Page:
An Interview with PT Hirschfield

PT Hirschfield is an Ocean Art Winner and World-Renowned Underwater Photographer

PT Hirschfield is not only an underwater adventurer but also a world-renowned underwater photographer. She has won lots of underwater photo contest and also likes to share her passion with photography thru her website and other social media. Check out her other photos and videos of her adventure.



YouTube: Pink Tank Scuba




An Interview with PT Hirschfield


1. Is there anything you would like to add to your story behind your winning Ocean Art photo? 

I’ve been very lucky to have had multiple images awarded places in the Ocean Art Underwater Photography competition each year that I’ve entered since 2018. I’ve found that the subjects I dive with most often - the Great Australian Spider Crabs, seahorses, weedy seadragons and local fish species that inhabit Australia’s Port Phillip and Westernport Bays - are the ones I’ve photographed most successfully. Sheer number of hours in the water with these species increases both opportunity to witness exciting behaviours and to try to capture those behaviours in new ways. It took me over 1400 dives before I managed to capture a female seahorse transferring the next generation of pretty ponies into the pouch of the male. I take many hundreds of underwater images that I would never show anyone. Without exception, the moment I pressed the trigger on the images that succeeded in the Ocean Art competition, I knew without doubt that THIS was the image I was going to submit in the next round of competition. It’s like releasing a bowling ball and knowing that THIS ball has the potential to achieve a strike. It’s a rare feeling when it all comes together underwater in a different way to what I’ve photographed or seen photographed before, making for some of the most joyous moments of my life. 


2.  What camera equipment do you use? Do you have a favourite photographic technique?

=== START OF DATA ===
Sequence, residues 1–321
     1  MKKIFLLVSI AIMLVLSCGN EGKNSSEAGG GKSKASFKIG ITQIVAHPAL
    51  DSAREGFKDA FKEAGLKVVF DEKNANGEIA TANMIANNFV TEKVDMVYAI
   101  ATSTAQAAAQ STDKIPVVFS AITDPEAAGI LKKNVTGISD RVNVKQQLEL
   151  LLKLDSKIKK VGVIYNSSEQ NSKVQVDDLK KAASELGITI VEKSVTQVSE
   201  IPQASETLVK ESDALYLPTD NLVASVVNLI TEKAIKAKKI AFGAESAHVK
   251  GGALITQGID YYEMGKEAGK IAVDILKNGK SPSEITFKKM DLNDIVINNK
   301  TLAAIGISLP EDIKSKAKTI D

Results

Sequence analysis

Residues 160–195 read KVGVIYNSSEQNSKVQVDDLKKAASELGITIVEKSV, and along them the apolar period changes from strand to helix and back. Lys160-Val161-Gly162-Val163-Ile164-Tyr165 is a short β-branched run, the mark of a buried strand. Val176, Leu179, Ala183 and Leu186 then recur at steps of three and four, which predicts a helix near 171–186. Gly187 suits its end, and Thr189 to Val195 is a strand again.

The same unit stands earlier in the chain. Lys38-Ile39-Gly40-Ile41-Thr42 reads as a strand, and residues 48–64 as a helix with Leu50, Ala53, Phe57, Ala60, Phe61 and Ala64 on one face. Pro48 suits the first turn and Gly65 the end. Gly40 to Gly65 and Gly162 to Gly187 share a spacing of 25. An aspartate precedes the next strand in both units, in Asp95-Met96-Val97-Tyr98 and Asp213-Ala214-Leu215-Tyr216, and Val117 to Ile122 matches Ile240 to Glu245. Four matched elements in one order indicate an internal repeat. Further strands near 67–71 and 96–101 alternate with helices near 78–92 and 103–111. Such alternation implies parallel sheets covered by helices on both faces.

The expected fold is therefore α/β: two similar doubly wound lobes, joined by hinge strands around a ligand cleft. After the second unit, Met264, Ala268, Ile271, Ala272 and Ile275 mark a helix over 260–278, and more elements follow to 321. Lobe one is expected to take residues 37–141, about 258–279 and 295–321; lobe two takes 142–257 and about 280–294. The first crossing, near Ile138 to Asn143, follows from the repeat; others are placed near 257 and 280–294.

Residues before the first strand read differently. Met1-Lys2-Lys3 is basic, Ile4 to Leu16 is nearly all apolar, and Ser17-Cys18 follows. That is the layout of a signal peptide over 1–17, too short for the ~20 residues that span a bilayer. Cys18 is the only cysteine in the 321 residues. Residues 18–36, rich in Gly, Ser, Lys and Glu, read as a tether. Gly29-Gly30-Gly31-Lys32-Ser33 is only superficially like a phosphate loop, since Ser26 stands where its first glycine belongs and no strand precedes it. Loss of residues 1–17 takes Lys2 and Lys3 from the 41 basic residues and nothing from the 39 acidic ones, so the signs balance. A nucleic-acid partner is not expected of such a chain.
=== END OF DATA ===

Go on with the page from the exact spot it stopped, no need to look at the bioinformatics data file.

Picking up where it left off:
Since I started diving in 2010, I’ve been using a (now very obsolete) Canon G12 compact camera in a (discontinued) Recsea housing. I use a single YSD3 Sea&Sea Strobe and my preferred dive light is a (defunct) FixNeo 1500.  I had a few people tell me along the way that no-one would ever take my photography seriously unless I upgraded to a DSLR. But compact cameras have come a long way and mine does what I want it to do with maximum versatility, though it’s definitely starting to ‘age-out’. I write regular magazine columns and feature articles for Dive Log Australasia and Scuba Diver ANZ which are also often accompanied by my images. While the resolution might not blow up optimally to billboard size, I’ve shot quite a few magazine covers and many story images using my trusty compact camera system. And I can synch the strobe to 1/250 and beyond which makes sharp sunbursts and black backgrounds very easy to achieve. 


Ocean Art 2018 Compact Behavior
"Cannibal Crab"


3.  How did you get into diving and underwater photography?

I had almost a decade between my original try-dive on Queensland’s Magnetic Island and my Open Water course on Hideaway Island in Vanuatu in 2010, purely because I had no idea anyone could dive in Melbourne’s temperate waters. Shortly after I completed my OW, I was diagnosed for the first time with endometrial cancer. Diving was my primary motivation for getting well across three cancer diagnoses from 2010 to 2014, and has been excellent for both my physical health and mental well being. For me underwater photography is about the joy of sharing the marine life I see with others who may never it experience it for themselves, many of whom are responsible for making key decisions that directly and indirectly affect the marine world. Photography - which I studied at university and even taught to high school students but did not ‘love’ until I found a way to take a camera underwater - remains a constant challenge and learning curve. Underwater image making forces me to ‘go slow’ and ‘live in the moment’ as I vacillate between intense concentration on technicalities and the mindfulness meditation that comes with becoming one with the water. 


4.  What opportunities has your photography brought to you? What do you do with you underwater photography?

While I dive locally in Australia most often, I’ve loved dive travel and image making across Australia and to destinations including Indonesia, Solomon Islands, The Maldives, PNG, Palau, Yap, Fiji and Vanuatu. It was a real honour to be invited to join the Atlantis Resorts Image Makers Program in the Philippines, making images alongside some of the best underwater image makers on the planet in Dumaguete and Puerto Galera (some of the most gorgeous and rewarding dive destinations on the planet). I shoot regularly as part of my local diving routines multiple times per week. I’ve done a fair bit of public speaking at schools, to community groups and local decision makers, showcasing local marine photography and encouraging more informed decision making and better outcomes for local marine creatures and aquatic environments.